St. Magnus Cathedral was founded as a final resting place for the relics of St. Magnus. Work on its construction started in 1137. The Cathedral's founder was Earl Rognvald who supervised the earliest stages of the building during the bishopric of William the Old of Orkney (1102-1168).
Between 1154 and 1472, Orkney was ecclesiastically under the Norwegian archbishop of Nidaros (Trondheim) and after that it became part of the Scottish province of St. Andrews. The Cathedral was assigned to the inhabitants of Kirkwall by King James III of Scotland in a charter dated 1486. One of the most notable bishops was Bishop Robert Reid who held the see of Orkney between 1541 and 1558.
The Reformation brought ruin to many cathedrals but St. Magnus Cathedral seems to have emerged relatively unscathed, although the organ, treasures and rich vestments were removed and the wall decorations were covered in whitewash.
In 1845 the Government presumed the ownership of the Cathedral, expelling the then congregation and carrying out major restoration work to the fabric of the building. In 1851 the Royal Burgh of Kirkwall re-established ownership of the building and the choir and presbytery were fitted with new pews and galleries for the reinstated congregation.
The Cathedral slowly deteriorated until the early 20th century when The Thoms Bequest made further major restoration possible. Between 1913 and 1930, the main alteration to the exterior of the Cathedral was the erection of a tall steeple which replaced the low pyramidal roof of the bell tower. Internally, the screen separating the choir from the nave was removed, along with the pews and galleries. Stained glass windows replaced the formerly plain windows, much of the floor was tiled and the warm red sandstone was revealed by the removal of plaster and whitewash.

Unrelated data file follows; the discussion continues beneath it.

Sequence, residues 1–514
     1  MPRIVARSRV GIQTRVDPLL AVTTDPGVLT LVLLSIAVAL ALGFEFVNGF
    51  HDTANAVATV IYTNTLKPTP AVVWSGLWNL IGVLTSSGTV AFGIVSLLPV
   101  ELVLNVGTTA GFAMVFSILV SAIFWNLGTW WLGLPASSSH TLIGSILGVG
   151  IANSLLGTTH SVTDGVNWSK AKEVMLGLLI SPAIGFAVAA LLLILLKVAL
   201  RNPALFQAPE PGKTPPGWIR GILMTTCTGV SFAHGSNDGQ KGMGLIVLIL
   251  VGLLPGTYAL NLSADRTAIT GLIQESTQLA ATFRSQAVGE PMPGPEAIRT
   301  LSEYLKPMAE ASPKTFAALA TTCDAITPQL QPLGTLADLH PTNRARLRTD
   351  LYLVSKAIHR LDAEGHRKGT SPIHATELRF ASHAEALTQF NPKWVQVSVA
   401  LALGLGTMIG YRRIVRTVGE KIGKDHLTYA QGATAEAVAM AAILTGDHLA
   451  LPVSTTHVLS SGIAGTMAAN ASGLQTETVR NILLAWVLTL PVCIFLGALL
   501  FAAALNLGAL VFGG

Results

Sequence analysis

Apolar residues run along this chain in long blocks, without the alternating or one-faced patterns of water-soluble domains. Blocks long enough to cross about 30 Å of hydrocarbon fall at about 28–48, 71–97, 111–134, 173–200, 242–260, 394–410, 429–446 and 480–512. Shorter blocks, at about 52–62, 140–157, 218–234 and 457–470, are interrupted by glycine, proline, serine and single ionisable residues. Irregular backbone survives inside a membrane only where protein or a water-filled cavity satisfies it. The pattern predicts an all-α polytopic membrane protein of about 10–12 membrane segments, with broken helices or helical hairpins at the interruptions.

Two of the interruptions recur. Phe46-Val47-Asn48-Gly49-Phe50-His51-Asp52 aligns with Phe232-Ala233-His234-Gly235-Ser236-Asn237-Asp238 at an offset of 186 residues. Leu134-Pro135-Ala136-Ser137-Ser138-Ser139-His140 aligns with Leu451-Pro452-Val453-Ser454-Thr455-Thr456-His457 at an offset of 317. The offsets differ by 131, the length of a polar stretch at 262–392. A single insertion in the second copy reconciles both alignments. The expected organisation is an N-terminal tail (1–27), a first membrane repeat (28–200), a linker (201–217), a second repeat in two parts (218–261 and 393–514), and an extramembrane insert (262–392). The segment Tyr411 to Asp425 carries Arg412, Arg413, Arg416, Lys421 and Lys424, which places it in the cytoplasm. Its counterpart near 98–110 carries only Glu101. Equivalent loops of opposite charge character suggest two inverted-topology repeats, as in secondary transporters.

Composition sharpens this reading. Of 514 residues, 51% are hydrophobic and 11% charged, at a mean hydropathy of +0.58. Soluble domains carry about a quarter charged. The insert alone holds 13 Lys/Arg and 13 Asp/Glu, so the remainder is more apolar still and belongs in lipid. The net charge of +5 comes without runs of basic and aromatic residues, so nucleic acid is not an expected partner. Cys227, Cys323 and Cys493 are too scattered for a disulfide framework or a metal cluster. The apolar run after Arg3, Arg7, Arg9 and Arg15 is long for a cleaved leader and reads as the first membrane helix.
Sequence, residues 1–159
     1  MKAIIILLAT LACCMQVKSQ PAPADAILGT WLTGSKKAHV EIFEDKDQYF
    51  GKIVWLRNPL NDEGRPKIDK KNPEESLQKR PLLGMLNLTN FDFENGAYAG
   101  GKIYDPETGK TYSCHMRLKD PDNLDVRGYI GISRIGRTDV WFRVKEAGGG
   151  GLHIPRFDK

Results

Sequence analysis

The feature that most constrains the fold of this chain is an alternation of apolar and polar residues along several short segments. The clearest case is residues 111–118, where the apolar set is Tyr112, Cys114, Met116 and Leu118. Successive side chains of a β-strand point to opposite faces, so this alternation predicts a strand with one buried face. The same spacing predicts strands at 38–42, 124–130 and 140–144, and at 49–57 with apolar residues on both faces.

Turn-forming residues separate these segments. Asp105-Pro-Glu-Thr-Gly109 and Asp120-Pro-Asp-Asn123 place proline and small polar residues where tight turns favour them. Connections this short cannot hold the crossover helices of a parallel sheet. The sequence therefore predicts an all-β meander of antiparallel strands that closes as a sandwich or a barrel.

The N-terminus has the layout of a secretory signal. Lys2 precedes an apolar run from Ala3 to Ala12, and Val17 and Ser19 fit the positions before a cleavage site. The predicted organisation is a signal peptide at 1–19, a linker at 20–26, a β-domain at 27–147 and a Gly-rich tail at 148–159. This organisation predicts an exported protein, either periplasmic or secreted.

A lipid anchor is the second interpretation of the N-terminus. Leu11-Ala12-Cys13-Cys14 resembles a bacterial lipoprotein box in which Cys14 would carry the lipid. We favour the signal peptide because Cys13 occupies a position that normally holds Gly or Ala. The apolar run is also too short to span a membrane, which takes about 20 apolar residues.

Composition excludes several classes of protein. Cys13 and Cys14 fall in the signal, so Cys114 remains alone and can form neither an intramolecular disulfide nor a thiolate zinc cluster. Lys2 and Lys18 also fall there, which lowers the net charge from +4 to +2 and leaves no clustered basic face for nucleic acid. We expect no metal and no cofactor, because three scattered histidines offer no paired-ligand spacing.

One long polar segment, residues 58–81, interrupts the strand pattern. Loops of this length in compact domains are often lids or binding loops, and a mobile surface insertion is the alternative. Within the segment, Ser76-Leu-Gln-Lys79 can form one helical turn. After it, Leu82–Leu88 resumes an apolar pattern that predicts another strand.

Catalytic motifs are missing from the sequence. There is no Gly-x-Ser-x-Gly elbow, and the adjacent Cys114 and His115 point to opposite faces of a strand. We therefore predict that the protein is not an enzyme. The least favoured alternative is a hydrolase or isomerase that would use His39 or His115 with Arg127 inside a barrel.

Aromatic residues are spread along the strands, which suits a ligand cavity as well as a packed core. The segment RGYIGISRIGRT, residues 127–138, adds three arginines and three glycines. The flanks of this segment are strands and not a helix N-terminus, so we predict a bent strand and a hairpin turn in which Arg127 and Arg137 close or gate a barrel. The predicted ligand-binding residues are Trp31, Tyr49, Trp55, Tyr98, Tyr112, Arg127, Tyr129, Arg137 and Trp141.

Today St. Magnus Cathedral is a popular tourist destination. The great age of much of its structure means it has smaller windows than those found in more modern churches. The tall narrow nave gives the illusion of much greater size than is actually the case. Uniquely in Britain, the Cathedral has a dungeon or holding pen built between the south wall of the choir and the south transept chapel. It is known as Marwick's Hole, but the source of this name and the time of its origin are unknown.References:
The city walls of Avila were built in the 11th century to protect the citizens from the Moors. They have been well maintained throughout the centuries and are now a major tourist attraction as well as a UNESCO World Heritage Site. Visitors can walk around about half of the length of the walls.
The layout of the city is an even quadrilateral with a perimeter of 2,516 m. Its walls, which consist in part of stones already used in earlier constructions, have an average thickness of 3 m. Access to the city is afforded by nine gates of different periods; twin 20 m high towers, linked by a semi-circular arch, flank the oldest ones, Puerta de San Vicente and Puerta del Alcázar.